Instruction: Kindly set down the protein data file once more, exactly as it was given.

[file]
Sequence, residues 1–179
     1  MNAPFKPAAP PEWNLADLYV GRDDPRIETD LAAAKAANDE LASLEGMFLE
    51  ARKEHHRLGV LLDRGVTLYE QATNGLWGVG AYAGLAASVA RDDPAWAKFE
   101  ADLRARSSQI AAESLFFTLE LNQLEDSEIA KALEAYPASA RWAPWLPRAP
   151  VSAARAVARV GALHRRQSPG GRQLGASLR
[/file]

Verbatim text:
Sequence, residues 1–179
     1  MNAPFKPAAP PEWNLADLYV GRDDPRIETD LAAAKAANDE LASLEGMFLE
    51  ARKEHHRLGV LLDRGVTLYE QATNGLWGVG AYAGLAASVA RDDPAWAKFE
   101  ADLRARSSQI AAESLFFTLE LNQLEDSEIA KALEAYPASA RWAPWLPRAP
   151  VSAARAVARV GALHRRQSPG GRQLGASLR